Product Focus: Dahlov Ipcar
Long, long ago when dinosaurs roamed the earth, one wonderful egg sat all alone in a blue-green mossy nest at the base of a giant fern tree. But whose egg was it? And where did it come from?
Between 1945 and the 70s Ipcar illustrated 33 children’s books, starting with The Little Fisherman (1945) and including The Cat at Night, One Horse Farm, and My Wonderful Christmas Tree.
Despite winning many American awards, influencing a generation before she went out of fashion - fans never forgot her. And despite dwindling sales, Ipcar has now been rediscovered in the 21st century. Her immense backlist has been relatively quiet in the UK, that is until recently when Sam Arthur and Alex Spiro, founders of Nobrow – a publishing company with the emphasis on high quality illustration, launched an imprint: Flying Eye Books, which includes artists and inspirations from many generations back.
Arthur and Spiro harboured her backlist over years, and their dream turned into a reality when they managed to track down Ipcar’s previous publisher Islandport Press, and even Ipcar herself, who is a self-confessed recluse. Their goal was to republish the books exactly as they originally looked. This was a challenge with Ipcar being a master of a technique that has now disappeared: four-colour separation, each colour printed separately, with layers building up.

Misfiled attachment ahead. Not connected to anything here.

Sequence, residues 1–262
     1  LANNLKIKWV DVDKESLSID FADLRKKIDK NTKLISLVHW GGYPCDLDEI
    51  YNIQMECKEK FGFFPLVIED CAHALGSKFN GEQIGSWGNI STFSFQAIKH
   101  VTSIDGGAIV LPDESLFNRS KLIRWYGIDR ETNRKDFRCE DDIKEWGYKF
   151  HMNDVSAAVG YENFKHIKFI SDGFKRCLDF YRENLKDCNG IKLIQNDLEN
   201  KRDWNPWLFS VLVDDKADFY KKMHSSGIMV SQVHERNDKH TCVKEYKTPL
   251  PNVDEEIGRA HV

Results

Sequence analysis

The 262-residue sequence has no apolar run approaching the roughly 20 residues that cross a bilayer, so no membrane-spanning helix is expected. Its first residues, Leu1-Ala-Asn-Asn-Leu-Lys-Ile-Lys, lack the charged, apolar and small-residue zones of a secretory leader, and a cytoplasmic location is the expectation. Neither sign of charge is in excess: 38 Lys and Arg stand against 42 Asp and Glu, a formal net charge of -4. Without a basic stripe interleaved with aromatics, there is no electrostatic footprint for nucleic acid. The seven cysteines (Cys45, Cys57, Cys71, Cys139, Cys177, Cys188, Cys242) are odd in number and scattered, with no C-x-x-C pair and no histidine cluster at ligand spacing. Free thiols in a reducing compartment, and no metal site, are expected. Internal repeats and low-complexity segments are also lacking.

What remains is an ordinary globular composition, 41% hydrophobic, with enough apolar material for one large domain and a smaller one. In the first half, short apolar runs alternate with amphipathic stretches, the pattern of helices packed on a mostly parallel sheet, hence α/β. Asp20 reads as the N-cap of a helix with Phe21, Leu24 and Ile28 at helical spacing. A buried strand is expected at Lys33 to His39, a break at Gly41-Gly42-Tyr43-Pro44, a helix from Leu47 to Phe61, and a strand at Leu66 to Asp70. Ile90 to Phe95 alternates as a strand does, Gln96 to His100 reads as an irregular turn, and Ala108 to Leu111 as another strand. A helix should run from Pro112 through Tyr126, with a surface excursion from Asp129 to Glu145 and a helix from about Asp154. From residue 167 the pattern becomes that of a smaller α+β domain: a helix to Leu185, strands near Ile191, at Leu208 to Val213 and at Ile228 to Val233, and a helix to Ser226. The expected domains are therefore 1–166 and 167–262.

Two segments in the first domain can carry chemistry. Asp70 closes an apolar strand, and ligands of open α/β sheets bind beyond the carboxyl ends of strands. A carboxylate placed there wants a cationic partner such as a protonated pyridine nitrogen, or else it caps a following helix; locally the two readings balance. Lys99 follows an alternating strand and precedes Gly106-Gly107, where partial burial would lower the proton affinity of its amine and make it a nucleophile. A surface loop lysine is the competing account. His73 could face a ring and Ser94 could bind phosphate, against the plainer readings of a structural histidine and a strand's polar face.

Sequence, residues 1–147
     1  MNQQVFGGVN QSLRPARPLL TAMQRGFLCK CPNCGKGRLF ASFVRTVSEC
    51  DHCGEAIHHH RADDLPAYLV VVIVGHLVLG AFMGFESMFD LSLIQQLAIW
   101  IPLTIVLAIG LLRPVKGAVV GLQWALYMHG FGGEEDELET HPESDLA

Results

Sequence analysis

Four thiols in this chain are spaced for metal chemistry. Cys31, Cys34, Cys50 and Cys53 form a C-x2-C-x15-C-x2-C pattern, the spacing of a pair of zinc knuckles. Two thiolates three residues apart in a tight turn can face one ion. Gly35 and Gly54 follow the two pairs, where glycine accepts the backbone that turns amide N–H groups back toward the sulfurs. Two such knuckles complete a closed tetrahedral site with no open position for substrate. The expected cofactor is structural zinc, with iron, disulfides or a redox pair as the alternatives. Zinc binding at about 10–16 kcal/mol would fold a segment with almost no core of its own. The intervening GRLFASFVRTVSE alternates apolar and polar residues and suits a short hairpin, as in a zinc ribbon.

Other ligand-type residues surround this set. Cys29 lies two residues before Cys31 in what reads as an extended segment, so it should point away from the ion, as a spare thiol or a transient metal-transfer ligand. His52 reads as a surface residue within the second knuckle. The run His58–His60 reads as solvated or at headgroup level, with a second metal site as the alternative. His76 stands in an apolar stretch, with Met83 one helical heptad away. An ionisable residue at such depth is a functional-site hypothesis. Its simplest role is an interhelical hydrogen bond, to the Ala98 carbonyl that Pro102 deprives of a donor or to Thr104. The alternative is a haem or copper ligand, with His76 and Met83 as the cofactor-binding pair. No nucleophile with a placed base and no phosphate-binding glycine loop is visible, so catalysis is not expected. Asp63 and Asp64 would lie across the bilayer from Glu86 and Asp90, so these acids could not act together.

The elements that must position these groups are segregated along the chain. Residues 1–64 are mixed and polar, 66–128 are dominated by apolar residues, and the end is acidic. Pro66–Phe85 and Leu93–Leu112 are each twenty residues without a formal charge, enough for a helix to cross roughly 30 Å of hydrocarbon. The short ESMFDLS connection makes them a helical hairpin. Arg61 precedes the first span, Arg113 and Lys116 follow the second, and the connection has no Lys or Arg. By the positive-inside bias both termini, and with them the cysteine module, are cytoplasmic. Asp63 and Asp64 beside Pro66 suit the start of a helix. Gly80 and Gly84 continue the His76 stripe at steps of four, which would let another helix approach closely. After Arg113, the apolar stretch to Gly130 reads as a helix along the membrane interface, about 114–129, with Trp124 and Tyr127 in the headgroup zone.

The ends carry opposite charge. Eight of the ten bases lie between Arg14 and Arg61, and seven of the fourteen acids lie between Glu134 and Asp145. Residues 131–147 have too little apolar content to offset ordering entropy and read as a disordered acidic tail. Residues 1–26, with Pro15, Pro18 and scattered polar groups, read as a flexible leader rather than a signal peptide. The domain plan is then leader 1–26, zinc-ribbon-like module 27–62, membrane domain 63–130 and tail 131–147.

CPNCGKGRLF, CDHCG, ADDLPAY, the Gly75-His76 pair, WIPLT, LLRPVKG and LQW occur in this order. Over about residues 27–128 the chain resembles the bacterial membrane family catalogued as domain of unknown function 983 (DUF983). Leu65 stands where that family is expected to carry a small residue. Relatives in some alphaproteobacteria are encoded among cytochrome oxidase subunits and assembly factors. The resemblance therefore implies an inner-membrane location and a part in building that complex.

The original ‘plates’ were lost, so they had work backwards from the finished books and separate out the colours. With the previous technique extinct, the colours and the paper had to be matched as closely as possible from contemporary sources. And with the textures that couldn’t be picked up digitally, these were recreated using traditional drawing skills.